Few outside Inslee's circle of advisers knew that one of the nation's most ardent advocates of climate action had been working for weeks to forge an alliance with one of the state's leading greenhouse gas polluters—the oil giant BP. Now, on the day before a key hearing for Inslee's proposal to enact the nation's first carbon tax, the kind of comprehensive climate plan he had been talking about since taking office, BP was evasive. "Will you be testifying tomorrow on behalf of BP?" Chris Davis, Inslee's senior climate advisor, wrote in an email to the company's Washington state lobbyist Denny Eliason. "Very needed right now." Eliason put him off, indicating he'd know more after an upcoming call. But the next morning, Inslee's office still had no idea if his proposal would go before the state Senate's chief tax-writing committee that day with the influential backing of BP. The oil company was the best hope Inslee's team had for the endorsement of a big business directly affected by the policy—support that could win over conservative Democrats or even Republicans, whose votes Inslee needed for the measure to pass. "Any news?" Davis prodded in another email. BP's lobbyist delivered the final brush-off two hours before that afternoon's hearing. Despite BP's public support for carbon pricing and the concessions Inslee and Democratic lawmakers had made to win the oil company's support for their carbon tax proposal, BP wasn't going along. Eliason said BP would take no position on the bill—a silence that might as well have been a death knell.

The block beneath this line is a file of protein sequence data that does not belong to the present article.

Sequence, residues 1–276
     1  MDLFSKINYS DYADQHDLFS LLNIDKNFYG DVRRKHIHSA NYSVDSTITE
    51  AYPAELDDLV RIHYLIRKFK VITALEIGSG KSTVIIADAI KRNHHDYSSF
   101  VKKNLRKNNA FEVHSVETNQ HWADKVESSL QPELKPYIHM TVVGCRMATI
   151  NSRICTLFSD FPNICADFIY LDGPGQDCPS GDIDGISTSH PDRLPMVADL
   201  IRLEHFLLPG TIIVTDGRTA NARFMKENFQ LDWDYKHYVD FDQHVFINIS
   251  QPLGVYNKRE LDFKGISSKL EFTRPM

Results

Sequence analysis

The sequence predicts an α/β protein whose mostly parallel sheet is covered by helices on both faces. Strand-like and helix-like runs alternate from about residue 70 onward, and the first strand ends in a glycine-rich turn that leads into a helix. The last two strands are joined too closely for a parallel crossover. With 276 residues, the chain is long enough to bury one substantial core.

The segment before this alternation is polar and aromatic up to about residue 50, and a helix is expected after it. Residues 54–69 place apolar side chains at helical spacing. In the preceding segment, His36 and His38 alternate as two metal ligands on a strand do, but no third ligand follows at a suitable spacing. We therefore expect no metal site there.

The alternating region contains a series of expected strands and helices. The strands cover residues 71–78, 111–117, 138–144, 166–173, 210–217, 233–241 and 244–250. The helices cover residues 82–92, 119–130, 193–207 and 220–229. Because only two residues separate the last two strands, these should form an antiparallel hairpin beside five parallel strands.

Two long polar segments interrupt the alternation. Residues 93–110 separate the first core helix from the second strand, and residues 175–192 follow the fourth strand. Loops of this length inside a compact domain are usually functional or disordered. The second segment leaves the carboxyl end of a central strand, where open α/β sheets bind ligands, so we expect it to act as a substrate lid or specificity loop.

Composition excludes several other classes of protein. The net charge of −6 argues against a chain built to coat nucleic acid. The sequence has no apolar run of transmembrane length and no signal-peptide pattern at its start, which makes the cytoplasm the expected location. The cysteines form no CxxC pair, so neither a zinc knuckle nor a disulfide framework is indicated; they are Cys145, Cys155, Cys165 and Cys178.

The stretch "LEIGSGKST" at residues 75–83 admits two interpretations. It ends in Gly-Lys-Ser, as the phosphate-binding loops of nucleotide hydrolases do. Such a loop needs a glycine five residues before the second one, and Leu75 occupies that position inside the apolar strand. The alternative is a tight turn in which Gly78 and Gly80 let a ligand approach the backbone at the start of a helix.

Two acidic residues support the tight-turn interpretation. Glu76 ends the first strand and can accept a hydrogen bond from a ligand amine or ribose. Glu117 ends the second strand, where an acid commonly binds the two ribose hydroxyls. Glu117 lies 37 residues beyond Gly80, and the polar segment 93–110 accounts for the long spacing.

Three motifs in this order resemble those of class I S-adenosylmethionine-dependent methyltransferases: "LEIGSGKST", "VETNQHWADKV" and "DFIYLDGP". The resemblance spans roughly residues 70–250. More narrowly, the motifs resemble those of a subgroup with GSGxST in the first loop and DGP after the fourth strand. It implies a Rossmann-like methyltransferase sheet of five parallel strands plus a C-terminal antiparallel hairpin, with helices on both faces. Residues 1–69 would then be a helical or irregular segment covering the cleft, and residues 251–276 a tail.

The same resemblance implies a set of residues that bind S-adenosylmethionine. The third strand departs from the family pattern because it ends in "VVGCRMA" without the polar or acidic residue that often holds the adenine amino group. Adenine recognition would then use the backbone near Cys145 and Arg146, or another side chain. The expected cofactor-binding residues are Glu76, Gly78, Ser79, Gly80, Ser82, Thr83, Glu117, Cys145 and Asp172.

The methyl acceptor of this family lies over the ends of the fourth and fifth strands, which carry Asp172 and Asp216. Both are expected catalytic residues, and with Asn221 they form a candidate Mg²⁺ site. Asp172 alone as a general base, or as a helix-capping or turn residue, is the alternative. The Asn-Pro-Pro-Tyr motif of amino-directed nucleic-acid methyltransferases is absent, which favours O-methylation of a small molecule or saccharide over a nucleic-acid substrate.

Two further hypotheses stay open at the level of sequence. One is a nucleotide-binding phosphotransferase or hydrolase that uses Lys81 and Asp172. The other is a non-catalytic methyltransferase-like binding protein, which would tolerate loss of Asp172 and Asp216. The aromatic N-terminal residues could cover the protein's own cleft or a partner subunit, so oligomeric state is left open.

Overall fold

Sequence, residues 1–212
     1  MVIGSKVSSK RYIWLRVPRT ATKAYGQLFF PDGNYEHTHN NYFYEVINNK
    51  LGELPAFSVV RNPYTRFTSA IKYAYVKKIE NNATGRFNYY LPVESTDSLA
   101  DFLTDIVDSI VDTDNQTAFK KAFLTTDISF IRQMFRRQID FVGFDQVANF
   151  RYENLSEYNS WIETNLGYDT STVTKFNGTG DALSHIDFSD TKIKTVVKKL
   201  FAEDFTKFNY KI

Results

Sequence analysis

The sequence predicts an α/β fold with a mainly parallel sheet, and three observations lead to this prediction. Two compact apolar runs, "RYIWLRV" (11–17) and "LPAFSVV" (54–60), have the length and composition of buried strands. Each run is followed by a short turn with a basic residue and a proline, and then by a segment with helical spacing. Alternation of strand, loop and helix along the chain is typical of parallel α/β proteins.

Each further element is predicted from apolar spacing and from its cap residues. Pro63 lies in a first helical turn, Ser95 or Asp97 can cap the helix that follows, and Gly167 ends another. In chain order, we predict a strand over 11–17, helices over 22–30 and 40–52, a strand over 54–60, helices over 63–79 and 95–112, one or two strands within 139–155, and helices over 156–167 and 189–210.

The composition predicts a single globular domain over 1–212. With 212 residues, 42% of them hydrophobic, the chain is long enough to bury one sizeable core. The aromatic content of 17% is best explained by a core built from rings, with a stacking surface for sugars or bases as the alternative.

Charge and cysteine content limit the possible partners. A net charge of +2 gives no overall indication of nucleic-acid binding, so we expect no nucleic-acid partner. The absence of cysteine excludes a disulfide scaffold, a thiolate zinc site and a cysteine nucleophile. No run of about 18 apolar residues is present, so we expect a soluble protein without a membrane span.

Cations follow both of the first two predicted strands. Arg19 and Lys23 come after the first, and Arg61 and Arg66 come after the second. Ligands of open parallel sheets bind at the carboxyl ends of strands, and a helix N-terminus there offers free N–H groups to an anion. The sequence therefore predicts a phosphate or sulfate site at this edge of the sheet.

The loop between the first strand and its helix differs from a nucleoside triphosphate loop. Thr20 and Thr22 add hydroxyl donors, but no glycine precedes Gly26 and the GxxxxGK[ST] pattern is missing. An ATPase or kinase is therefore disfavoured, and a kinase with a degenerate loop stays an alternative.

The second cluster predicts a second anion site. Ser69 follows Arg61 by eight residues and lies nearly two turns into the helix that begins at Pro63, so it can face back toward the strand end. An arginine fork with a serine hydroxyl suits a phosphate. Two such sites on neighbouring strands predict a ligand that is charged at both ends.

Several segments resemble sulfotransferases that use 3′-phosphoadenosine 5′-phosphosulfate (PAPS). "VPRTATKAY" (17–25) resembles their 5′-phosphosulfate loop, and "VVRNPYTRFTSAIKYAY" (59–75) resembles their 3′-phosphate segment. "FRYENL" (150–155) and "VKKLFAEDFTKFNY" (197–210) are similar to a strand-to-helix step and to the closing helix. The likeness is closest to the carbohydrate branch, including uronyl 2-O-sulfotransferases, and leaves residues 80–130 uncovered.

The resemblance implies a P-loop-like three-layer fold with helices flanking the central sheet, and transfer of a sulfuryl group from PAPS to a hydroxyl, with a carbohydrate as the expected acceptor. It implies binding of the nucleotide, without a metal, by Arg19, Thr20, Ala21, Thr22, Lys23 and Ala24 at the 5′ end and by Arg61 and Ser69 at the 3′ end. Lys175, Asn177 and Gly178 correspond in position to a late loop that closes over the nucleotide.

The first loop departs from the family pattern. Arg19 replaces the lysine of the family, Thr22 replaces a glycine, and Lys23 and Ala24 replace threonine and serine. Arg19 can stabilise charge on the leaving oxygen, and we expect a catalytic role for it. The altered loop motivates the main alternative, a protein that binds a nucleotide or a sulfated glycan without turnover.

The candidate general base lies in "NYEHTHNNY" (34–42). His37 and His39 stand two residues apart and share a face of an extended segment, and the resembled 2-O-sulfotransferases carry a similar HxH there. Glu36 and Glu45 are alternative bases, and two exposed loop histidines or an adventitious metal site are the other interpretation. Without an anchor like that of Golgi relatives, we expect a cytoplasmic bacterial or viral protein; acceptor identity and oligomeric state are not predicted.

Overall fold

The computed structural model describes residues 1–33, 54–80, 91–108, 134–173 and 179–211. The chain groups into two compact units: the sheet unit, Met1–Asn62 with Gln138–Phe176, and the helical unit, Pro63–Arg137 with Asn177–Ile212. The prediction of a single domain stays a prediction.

US Democrats will carry global hopes for climate action to 2020 poll